• Fuchsia
  • Gladiolus callianthus
  • Helenium (Sneezeweed)
  • Helianthus (Perennial sunflower)
  • Heptacodium miconioides ( Seven –son flower)
  • Hibiscus  syriacus ‘Blue Bird’
  • Hydrangea
  • Iochroma
  • Lagerstroemeria (Crape myrtle)
  • Leonotis (Lion’s ear)
  • Lespedeza (Bush clover)
  • Lilium (Lily)
  • Lobelia speciosa
  • Manettia (Firecracker vine)
  • Persicaria (Knotweed)
  • Punica (Pomegranate)
  • Rosa (Rose)
  • Rudbeckia (Gloriosa daisy)
  • Salpiglossis sinuata (Painted tongue)
  • Streptocarpus (Cape primrose)
  • Tecoma
  • Thalictrum (Meadow rue)
  • Tibouchina (Glory bush)
  • Verbena
  • Vitex
  • Zauschneria ( California fuchsia)
  • Zinnia
 
The Butchart Chronicles : August 25, 2017

Flower and Garden Report August 26th - September 1st 2017

Flower and Garden Report August 26th - September 1st

By Thea Hegland

A visit to The Butchart Gardens is like a treasure hunt. You never know what you will find. As flowers come and go, there are always unexpected delights.

With the last week of August suddenly upon us, there is no end to the plethora of blossoms. It seems to get better with each week that passes. While it is true some plants are getting perhaps a little tired after the hot summer, other plants are just coming into their prime. The late summer flowering trees and shrubs are making their presence in The Gardens known. Hibiscus syriacus (Rose of Sharon) is bursting with gorgeous blossoms. While it looks like a tender, exotic flower, this particular one is actually rather hardy. Clerodendrum trichotomum, Clethra alnifolia (Summersweet) and Heptacodium miconioides (Seven – son flower) fill the garden air with fragrance.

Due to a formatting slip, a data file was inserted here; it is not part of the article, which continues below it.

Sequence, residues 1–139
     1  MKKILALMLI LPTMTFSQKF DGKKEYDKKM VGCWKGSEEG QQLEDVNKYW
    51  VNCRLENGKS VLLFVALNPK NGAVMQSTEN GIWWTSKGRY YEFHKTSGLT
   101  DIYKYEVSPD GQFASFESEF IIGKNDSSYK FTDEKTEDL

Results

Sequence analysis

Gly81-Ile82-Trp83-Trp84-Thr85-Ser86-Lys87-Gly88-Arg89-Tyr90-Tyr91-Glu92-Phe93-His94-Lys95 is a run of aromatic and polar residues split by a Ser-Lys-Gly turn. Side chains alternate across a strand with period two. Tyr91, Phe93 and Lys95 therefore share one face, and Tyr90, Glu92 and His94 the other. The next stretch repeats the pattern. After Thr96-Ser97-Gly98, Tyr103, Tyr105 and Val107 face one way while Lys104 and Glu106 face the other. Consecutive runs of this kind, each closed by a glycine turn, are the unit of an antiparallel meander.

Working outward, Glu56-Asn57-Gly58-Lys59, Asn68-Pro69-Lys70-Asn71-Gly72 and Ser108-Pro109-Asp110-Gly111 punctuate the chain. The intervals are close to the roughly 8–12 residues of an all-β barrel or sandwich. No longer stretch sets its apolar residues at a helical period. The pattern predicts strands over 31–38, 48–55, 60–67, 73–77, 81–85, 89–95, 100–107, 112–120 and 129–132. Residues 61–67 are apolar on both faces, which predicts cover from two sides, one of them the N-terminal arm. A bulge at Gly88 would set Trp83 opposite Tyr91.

Hibiscus

Buried treasures are deep in the Sunken Garden. With bright orange Zinnia inca glowing boldly and Begonias spilling out of flower beds, you will have to look closely to find the flowers and plants that are less imposing. Off the beaten path by The Falls you will find Polygonum cuspidatum (Japanese knotweed, Mexican bamboo) in full bloom. While considered somewhat invasive, we are able to control this garden wonder. Walking along the Sunken Garden perennial border you will become very aware of the beautiful smell of Actaea simplex ‘Black Negligee’ (Bugbane) before you see it. Tall white arching racemes complement the dark purplish-brown foliage. Lost somewhere in the Sunken Garden Arisarum proboscideum (Mouse plant) can sometimes be found by fluke.

Our world-famous Rose Garden is still going strong. With nearly 300 different Roses, you can easily spend a delightful time admiring and smelling the Roses. With endless blossoms in so many different colors and shades, it is easy to feel inspired. Thinking of my 64-pack of Crayola Crayons I once treasured as young girl (Fuchsia, Magenta, Mulberry, and Carmine Red), imagine if there was a colouring book of The Gardens. Oh what a fun idea!

Truly a garden for all, The Butchart Gardens is a timeless classic. Whether you visit once in a lifetime or weekly, you will be glad you came.

Plants that are blooming or coming into bloom

  • Abutilon (Flowering maple)
  • Achillea
  • Aconitum (Monkshood)
  • Albizia julibrissin (Mimosa tree)
  • Angelica
  • Anigozanthos (Kangaroo paw)
  • Antirrhinum (Snapdragon)
  • Aster (Michaelmas daisy)
  • Begonia
  • Buddleja (Butterfly bush)
  • Cephalaria (Giant scabiosa)